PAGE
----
Appended to message as a signature Receiver performs same computation on message and checks it matches the MAC Provides assurance that message is unaltered and comes from sender


MAC provides authentication Message can be encrypted for secrecy

generally use separate keys for each can compute MAC either before or after encryption is generally regarded as better done before sometimes only authentication is needed sometimes need authentication to persist longer than the encryption (e.g., archival use)

why use a MAC?

note that a MAC is not a digital signature


A hash function is like a MAC condenses arbitrary message to fixed size

h = H(M)

usually assume that the hash function is public and not keyed
-note that a MAC is keyed

hash used to detect changes to message can use in various ways with message most often to create a digital signature

Spyware Adware Embedded Programs Trojan Horse Browser Hijackers Dialers Malware

Profit A challenge Malice Boredom Business

Computer is running slower than normal Popups (on or off the internet) New toolbars Home page changes Search results look different Error messages when accessing the web

Be conscious of what you are clicking on/downloading Some pop-ups have what appears to be a close button, but will actually try to install spyware when you click on it. Always look for the topmost right red X. Remember that things on the internet are rarely free. Free Screensavers etc. generally contain ads or worse that pay the programmer for their time. All programs are adware/spyware free Screensavers from this site are safe DO NOT click on ads KFOR or News9

Sits between two networks

Used to protect one from the other Places a bottleneck between the networks
All communications must pass through the bottleneck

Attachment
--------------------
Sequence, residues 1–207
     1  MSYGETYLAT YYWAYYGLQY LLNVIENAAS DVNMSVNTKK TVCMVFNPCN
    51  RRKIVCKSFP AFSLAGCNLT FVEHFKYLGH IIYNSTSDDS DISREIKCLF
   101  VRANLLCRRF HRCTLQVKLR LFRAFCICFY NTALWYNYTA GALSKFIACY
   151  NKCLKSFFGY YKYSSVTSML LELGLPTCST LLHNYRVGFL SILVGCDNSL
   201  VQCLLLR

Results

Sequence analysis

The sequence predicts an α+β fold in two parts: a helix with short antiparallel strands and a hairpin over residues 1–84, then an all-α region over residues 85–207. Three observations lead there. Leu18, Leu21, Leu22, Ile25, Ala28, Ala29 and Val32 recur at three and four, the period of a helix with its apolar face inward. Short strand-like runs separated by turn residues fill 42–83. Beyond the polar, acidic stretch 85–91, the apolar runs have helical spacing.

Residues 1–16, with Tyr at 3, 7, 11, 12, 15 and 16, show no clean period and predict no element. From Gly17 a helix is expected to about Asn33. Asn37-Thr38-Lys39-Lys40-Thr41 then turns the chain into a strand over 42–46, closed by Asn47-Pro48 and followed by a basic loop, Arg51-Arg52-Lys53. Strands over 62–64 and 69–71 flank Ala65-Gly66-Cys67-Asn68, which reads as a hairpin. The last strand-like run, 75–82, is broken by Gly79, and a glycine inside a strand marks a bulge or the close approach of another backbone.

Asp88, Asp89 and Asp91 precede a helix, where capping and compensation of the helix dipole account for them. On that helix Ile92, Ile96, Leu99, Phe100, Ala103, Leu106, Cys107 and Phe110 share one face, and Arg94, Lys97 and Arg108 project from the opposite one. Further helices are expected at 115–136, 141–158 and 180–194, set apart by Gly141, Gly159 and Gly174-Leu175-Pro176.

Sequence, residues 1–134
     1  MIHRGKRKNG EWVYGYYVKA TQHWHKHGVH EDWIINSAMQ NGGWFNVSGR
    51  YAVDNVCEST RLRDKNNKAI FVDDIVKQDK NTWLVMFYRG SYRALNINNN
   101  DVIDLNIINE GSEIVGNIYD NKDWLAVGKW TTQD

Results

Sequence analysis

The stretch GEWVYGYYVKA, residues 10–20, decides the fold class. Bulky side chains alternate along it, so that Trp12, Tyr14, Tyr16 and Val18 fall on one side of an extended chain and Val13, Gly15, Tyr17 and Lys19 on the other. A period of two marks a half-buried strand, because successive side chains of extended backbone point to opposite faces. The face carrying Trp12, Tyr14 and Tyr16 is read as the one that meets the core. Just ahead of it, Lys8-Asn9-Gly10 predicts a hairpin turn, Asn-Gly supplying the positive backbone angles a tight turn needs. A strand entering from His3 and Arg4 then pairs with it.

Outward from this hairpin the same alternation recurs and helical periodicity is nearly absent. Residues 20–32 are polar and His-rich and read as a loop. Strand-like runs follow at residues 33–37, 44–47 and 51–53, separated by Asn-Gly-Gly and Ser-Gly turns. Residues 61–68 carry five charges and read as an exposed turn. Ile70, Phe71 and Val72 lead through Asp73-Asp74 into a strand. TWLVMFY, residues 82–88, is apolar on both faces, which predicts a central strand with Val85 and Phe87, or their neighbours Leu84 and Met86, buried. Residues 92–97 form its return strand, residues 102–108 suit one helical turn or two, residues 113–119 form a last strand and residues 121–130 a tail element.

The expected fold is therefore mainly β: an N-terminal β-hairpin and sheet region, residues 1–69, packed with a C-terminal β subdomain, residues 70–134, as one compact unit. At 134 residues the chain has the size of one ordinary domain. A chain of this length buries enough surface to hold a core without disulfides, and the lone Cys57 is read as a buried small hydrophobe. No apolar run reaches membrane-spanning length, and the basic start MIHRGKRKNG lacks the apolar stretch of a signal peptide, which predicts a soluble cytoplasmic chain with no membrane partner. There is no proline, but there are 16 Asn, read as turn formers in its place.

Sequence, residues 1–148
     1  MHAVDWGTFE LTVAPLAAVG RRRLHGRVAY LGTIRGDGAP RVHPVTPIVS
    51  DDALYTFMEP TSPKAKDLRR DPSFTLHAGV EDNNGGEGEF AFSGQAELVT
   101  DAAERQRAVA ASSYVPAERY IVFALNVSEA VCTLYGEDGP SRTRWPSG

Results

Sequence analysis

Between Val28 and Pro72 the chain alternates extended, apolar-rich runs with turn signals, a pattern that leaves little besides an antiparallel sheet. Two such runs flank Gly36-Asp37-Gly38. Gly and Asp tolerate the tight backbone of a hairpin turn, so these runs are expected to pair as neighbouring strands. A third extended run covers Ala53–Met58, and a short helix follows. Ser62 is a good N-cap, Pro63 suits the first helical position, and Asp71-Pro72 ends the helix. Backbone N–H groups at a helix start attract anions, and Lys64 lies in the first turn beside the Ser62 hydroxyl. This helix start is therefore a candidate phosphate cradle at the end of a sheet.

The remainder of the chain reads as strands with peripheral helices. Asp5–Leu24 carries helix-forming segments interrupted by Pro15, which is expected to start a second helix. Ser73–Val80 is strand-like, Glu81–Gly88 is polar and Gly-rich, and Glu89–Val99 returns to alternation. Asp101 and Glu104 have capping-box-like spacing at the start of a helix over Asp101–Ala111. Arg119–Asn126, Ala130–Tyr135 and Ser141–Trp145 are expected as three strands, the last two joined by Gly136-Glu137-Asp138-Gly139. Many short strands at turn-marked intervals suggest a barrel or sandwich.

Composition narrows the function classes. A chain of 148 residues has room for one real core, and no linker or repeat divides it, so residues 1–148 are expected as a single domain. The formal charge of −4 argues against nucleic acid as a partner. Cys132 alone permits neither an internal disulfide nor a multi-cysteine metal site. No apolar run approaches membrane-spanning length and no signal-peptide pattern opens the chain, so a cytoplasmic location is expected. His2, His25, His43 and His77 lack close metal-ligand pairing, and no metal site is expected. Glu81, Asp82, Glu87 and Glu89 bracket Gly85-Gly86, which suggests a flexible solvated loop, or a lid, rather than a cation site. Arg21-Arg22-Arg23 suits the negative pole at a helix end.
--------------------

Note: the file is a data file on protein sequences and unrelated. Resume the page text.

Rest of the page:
this gives us a single point of control

Packet Filtering

Rejects TCP/IP packets from unauthorized hosts and/or connection attempts bt unauthorized hosts
Translates the addresses of internal hosts so as to hide them from the outside world Also known as IP masquerading Makes high level application level connections to external hosts on behalf of internal hosts to completely break the network connection between internal and external hosts

Network Address Translation (NAT)

Proxy Services

Encrypted Authentication

Allows users on the external network to authenticate to the Firewall to gain access to the private network
Establishes a secure connection between two private networks over a public network
This allows the use of the Internet as a connection medium rather than the use of an expensive leased line

Virtual Private Networking

Virus Scanning

Searches incoming data streams for virus signatures so theey may be blocked Done by subscription to stay current
McAfee / Norton

Content Filtering

Allows the blocking of internal users from certain types of content.

Usually an add-on to a proxy server Usually a separate subscription service as it is too hard and time consuming to keep current

Part of an overall Firewall strategy Sits between the local network and the external network
Originally used primarily as a caching strategy to minimize outgoing URL requests and increase perceived browser performance Primary mission is now to insure anonymity of internal users

Still used for caching of frequently requested files

Also used for content filtering

Acts as a go-between, submitting your requests to the external network

Requests are translated from your IP address to the Proxys IP address E-mail addresses of internal users are removed from request headers Cause an actual break in the flow of communications

Terminates the TCP connection before relaying to target host (in and out) Hide internal clients from external network Blocking of dangerous URLs Filter dangerous content Check consistency of retrieved content Eliminate need for transport layer routing between networks Single point of access, control and logging